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The 36 Secret Strategies of the Martial Arts

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Hiroshi Moriya's book is a collection of ancient Chinese maxims that encapsulate some of the Far East's most cunning tactics for battle and deception — and as such offer invaluable insights into facets of the Oriental mind.

Each of these strategies represents a distilled nugget of Chinese wisdom. Moriya, an acknowledged authority on Chinese culture and philosophy, originally published a book in Japanese in which he analyzed and explained these strategies. He then used examples from ancient and recent history to further elucidate their meaning. Now, translator William Scott Wilson makes "The 36 Secret Strategies" accessible to today's reader with his new English translation of both the Chinese maxim itself and Moriya's interpretive work.

The volume is organized into six parts (Strategies for Victory in Battle, Strategies for Engaging the Enemy, Strategies for Attack, Strategies for Ambiguous Situations, Strategies for Unified Battle, and Strategies for a Lost Battle), with six chapters in each part. Some of the ideas presented will be familiar; others will be new and counterintuitive. Short, pithy titles encapsulate each one: "Borrow a Sword to Make Your Kill", "If You Covet It, Leave It Alone," "Cast a Brick, Pull in Jade," "To Catch a Thief, Catch His King," "Send Them to the Roof, Remove the Ladder," and so on.

While these strategies offer a look into the past, they are even more valuable to today's reader for providing insights into contemporary China. And, like such other classics as "The Book of Five Rings" and "The Art of War," "The 36 Secret Strategies" gives the businessman, the diplomat, the politician, the military strategist, the martial artist, and the sports competitor keys to understanding, interpreting, and countering the actions of even the most daunting opponent.

© Japan Today

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9 Comments
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sounds like an intertesting book. Now he needs to write on on the marital arts...

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Oprah says the follow-up is better: 36 Secret Weight-Loss Strategies of the Martial Arts.

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"36 secret strategies to understand the 36 secret strategies of the martial arts"... as many other things in eastern world, over dimensioned by westerners looking for the source of all philosophies. In a place where the wars were made using wood, canes, paper and knives, these puerile tactics of disguise and hiding on a roof sound a little too useless. The basic tactic in Japan is one: hiding and attacking at somebody's back. Only works once. Read history!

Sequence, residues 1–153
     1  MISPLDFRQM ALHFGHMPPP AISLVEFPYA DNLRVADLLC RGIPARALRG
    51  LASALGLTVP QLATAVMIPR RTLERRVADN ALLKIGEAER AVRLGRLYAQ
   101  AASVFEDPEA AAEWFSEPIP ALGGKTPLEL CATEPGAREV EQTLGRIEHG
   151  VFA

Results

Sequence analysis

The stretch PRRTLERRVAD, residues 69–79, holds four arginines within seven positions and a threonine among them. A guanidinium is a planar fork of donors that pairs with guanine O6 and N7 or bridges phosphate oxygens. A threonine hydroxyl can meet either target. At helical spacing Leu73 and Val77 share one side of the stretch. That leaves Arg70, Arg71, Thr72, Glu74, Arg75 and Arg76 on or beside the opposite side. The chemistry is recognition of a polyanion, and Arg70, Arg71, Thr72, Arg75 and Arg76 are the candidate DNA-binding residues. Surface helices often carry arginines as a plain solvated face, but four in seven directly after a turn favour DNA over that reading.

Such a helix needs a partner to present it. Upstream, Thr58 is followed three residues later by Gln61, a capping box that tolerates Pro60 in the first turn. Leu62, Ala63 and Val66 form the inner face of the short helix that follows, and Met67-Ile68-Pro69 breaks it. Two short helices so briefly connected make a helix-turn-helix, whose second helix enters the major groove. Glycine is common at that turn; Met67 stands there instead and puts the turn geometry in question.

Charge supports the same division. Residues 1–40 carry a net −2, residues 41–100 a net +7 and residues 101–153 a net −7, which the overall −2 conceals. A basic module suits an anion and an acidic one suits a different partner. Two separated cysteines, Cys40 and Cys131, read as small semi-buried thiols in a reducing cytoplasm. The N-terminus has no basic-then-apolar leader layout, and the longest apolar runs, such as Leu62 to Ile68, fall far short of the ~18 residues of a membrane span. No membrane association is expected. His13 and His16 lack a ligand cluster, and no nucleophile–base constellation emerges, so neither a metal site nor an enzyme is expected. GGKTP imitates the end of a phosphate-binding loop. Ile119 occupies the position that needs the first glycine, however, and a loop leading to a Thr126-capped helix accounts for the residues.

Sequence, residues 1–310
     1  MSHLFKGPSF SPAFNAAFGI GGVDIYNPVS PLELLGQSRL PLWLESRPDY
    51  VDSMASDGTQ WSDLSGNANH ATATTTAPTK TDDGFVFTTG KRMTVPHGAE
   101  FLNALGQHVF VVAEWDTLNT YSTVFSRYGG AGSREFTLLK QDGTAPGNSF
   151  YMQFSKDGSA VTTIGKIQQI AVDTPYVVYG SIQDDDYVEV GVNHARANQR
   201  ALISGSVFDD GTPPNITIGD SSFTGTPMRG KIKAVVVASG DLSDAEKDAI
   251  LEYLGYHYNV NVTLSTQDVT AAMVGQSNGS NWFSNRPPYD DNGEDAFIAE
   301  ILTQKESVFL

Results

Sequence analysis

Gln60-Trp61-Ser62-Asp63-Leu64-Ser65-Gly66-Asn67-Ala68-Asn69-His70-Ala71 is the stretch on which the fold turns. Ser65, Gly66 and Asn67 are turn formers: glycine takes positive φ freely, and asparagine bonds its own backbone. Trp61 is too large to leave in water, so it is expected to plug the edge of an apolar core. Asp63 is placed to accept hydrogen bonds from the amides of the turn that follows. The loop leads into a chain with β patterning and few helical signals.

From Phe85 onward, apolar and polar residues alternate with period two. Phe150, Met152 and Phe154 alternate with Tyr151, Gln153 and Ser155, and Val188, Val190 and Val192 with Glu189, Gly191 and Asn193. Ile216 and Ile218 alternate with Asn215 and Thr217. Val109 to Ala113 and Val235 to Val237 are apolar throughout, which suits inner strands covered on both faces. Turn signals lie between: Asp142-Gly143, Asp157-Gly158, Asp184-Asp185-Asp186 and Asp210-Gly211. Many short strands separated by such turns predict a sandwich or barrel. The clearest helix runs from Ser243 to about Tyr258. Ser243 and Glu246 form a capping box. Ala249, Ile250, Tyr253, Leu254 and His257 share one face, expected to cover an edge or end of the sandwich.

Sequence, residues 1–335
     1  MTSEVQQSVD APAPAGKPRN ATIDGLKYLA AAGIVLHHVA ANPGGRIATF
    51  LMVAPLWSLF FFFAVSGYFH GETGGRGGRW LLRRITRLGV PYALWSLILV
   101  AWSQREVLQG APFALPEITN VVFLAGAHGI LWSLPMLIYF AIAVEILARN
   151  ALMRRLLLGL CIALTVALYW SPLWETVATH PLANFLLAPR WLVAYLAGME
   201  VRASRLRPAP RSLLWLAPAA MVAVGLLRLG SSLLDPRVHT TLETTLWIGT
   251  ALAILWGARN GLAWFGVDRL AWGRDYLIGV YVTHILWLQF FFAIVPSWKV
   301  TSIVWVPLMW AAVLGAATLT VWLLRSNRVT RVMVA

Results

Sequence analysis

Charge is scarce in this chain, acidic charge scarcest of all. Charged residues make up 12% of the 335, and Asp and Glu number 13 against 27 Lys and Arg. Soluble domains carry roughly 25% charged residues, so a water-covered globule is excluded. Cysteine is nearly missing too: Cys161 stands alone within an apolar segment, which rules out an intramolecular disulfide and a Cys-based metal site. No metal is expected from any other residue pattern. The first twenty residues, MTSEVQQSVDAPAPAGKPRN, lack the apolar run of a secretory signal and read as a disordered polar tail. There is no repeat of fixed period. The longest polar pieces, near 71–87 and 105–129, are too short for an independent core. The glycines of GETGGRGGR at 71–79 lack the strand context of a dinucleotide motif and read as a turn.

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The 36 Secret Strategies of the Martial Arts: for dummies Secret 1: Watch lots of martial art movies.

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I guess the 36 secret strategies of the Martial Arts are not so secret anymore now that it's mainstreamish.

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Ho hum ... when Japan was 'No. 1' there was a slew of books about Japanese martial arts secrets and how Western businessmen could learn how to do business in Japan by reading them. Now China is the next 'big thing' and once again we get books about martial arts as a way to do business.

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The Shaolin and the Wu Tang could be dangerous!

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"The basic tactic in Japan is one: hiding and attacking at somebody's back. Only works once. Read history"

Undoubtedly a stab at humor, but if not, an amazingly naive comment considering that warfare throuhgout Japan's feudal history is riddled with the teachings of Sonshi; known to the world as Sun Tzu. In fact even the Pearl Harbor attack incorporated a feint in the Aleutians right out of 声東撃西. As to attacking someone's back, that was a big bushido no-no, which remains today as the Japanese word for betrayal; Uragiri 裏切り.

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Western audiences or in general people with high moral standards will not like traditional eastern asian thinking - hence where the image of "sneaky asian" originates from.

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